A massive stampede at a densely packed Jewish pilgrimage site killed at least 44 people in Israel on Friday, blackening the country’s largest Covid-era gathering.
The nighttime disaster struck after pilgrims thronged to Meron at the site of the reputed tomb of Rabbi Shimon Bar Yochai, a second-century Talmudic sage, where mainly ultra-Orthodox Jews mark the Lag BaOmer holiday.
Prime Minister Benjamin Netanyahu, who was helicoptered in to the scene in Israel’s far north, said the “Mount Meron disaster” was “one of the worst to befall” the country since its foundation seven decades ago.
“What happened here is heartbreaking. There were people crushed to death, including children,” he tweeted.
Closed last year due to coronavirus restrictions, this year’s pilgrimage drew tens of thousands of people who were seen packed together joyfully singing, dancing and lighting bonfires before the deadly crush.
In a cruel irony, the BaOmer holiday celebrates the end of a plague that killed thousands of Talmudic students at the time of Rabbi Bar Yochai.
“This year, as we continue to inch closer to the end of a modern-day plague, I encourage everyone to find meaning and joy in celebrating the end of a different plague that occurred many years ago,” a rabbi wrote in the Jerusalem Post before Friday’s tragedy.
Witnesses pointed a finger of blame at police.
“There is an iron ramp going down from the site of a bonfire… It was very crowded… people had to walk down on this ramp in order to exit,” said Shmuel, an 18-year-old.
The police “closed it (the ramp). Then, more people arrived, and more and more… and police wouldn’t let them exit, so people started to fall on top of each other”, he told AFP.
They “didn’t open it (the passageway) until it crashed and all the crowd was blown away to the sides. Tens of people were crushed”.
Northern Israel’s police chief Shimon Lavi told AFP his officers had done all they could to save lives on a “tragic night”, helping to ferry those injured to hospital.
The pilgrimage was the largest public gathering in Israel and possibly the world since the Covid-19 pandemic erupted early last year.
Ten thousand people had been authorised to attend the tomb compound, but Israeli media outlets said 90,000 massed at the site, a figure that could not be immediately confirmed from official sources.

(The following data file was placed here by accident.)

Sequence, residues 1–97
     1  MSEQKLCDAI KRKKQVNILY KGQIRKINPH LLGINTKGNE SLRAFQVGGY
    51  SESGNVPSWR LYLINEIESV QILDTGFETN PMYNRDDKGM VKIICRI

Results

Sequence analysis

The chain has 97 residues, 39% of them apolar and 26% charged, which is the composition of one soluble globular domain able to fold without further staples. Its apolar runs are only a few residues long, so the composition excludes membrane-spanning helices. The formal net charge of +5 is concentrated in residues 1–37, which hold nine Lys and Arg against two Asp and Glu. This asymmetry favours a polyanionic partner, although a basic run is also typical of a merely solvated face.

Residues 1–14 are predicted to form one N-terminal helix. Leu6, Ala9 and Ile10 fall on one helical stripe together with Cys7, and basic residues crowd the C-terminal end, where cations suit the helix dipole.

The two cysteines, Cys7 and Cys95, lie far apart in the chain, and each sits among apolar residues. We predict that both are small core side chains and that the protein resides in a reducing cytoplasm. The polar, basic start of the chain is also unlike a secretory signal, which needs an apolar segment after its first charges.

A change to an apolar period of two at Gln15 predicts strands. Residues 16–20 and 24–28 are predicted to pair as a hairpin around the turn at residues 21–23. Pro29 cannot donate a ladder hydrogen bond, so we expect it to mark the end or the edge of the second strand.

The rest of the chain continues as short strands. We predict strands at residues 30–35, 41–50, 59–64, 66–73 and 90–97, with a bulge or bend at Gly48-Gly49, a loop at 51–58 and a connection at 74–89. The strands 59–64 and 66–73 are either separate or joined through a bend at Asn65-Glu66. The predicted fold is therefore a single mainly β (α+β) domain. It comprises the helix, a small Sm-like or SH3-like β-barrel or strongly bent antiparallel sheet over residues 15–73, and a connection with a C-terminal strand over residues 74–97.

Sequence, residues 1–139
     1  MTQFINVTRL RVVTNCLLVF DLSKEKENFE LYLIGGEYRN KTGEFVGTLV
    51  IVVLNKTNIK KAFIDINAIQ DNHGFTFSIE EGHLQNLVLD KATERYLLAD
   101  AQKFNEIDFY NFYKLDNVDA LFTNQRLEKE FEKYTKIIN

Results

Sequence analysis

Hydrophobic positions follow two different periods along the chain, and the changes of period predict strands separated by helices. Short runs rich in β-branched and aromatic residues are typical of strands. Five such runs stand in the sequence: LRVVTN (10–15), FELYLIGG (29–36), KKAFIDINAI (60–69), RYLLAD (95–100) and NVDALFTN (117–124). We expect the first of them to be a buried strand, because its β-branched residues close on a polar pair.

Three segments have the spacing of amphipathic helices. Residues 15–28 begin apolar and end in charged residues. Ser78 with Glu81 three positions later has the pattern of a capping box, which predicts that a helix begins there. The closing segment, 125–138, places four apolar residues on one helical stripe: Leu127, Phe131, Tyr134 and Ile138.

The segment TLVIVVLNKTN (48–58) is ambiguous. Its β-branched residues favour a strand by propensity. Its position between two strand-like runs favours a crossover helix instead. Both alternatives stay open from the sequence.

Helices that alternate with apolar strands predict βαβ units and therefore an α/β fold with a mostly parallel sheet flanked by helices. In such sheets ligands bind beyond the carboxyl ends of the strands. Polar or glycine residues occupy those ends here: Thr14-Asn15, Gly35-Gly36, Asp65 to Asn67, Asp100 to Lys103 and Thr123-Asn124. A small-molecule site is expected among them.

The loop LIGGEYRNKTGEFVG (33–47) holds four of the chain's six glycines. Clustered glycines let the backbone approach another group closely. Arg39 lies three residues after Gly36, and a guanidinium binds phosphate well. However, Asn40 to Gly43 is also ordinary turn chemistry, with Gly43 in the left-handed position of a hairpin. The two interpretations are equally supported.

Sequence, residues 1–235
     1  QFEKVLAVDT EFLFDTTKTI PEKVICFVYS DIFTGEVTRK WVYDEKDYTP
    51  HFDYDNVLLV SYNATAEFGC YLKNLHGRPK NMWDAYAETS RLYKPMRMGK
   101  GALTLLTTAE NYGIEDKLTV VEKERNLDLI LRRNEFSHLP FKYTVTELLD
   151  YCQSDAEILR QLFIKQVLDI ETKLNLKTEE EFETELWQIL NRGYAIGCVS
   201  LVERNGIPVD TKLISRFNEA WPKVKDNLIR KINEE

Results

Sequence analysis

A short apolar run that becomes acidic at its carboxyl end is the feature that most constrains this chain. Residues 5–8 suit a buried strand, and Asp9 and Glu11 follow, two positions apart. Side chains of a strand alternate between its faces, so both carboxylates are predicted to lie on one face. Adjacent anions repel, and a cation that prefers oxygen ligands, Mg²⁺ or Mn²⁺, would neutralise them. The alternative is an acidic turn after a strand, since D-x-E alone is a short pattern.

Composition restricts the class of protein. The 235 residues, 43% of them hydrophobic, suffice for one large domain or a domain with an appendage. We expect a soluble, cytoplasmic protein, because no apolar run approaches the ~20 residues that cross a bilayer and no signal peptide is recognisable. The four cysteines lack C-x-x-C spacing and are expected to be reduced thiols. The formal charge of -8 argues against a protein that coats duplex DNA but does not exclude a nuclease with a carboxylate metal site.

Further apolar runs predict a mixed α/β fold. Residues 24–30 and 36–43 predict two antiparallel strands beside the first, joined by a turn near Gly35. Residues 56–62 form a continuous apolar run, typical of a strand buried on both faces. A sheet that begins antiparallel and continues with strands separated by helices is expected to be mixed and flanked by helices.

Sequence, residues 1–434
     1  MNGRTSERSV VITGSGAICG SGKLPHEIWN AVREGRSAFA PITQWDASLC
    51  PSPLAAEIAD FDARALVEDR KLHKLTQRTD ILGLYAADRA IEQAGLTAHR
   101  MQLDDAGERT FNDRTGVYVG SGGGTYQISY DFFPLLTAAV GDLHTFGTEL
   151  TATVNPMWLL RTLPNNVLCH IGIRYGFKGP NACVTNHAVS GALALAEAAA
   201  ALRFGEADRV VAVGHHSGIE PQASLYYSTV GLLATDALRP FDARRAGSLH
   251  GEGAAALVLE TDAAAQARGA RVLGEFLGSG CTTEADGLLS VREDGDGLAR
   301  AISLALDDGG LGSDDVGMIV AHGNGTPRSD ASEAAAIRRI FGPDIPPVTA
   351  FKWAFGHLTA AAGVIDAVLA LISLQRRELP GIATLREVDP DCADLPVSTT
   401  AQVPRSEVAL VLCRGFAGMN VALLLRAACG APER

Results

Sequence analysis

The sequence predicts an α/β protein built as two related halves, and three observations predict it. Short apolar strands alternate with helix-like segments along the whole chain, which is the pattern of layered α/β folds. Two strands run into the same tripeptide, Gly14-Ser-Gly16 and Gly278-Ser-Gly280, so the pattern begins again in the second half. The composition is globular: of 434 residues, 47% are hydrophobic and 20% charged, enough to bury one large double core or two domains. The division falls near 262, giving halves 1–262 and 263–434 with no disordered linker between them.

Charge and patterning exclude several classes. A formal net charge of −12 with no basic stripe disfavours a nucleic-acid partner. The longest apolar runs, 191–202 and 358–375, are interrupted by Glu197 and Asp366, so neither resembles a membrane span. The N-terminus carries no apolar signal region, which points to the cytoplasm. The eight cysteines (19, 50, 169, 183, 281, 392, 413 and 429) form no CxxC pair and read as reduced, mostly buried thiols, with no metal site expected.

“There were 38 dead at the scene but there were more at the hospital,” Israel’s Magen David Adom rescue service said, adding 150 were injured, including six in serious condition.
Another six deaths were recorded at the north’s Ziv hospital.
“It took me back to the period of (Palestinian militant) bombings. There was chaos, people trying to save themselves as they crushed each other,” Dov Maisel of the United Hatzala rescue services told army radio.
With the launch of an inquiry into the disaster, the regional police chief told reporters: “I, Shimon Lavi… take upon myself the overall responsibility, for good and for bad, and I am ready for every inspection”.
The army and emergency services deployed helicopters to evacuate the wounded.
Scenes from Meron hours after the accident showed an ultra-Orthodox Jewish crowd in distress, the men in long black coats and wearing black hats, and debris scattered across the ground.
Survivors lit candles for the victims while others prayed. A row of bodies covered in plastic bags on the ground.
“I have not seen anything like this since I entered into the field of emergency medicine,” said Lazar Hyman of the United Hatzalah volunteer rescue service.
Yehuda Gottleib, a first responder from United Hatzalah, said he saw “dozens of people fall on top of one another during the collapse”.
“A large number of them were crushed and lost consciousness.”
The injured were flown by helicopter to Jerusalem and Tel Aviv, where funerals were to be held later Friday.
Britain, France and the European Union offered their condolences.
“Devastating scenes… in Israel. My thoughts are with the Israeli people and those who have lost loved ones in this tragedy,” British Prime Minister Boris Johnson tweeted.
In a statement, France sought to assure “the Israeli people of its deep solidarity in this ordeal”.
“We wish you strength and courage to get through these difficult times,” tweeted European Council President Charles Michel.
Israel has fully vaccinated more than half of its 9.3 million population against the coronavirus, but restrictions on massive public gatherings remain in place to stem the spread of the virus.
Ultra-Orthodox Jews, known in Israel as haredim, have throughout the pandemic shown resistance towards health and safety measures mandated by the government.
Around 5,000 police had been deployed to secure the event.
After the stampede, police closed access to the area to prevent a crowd from building further, while rescue workers and security forces worked to clear the area and identify victims.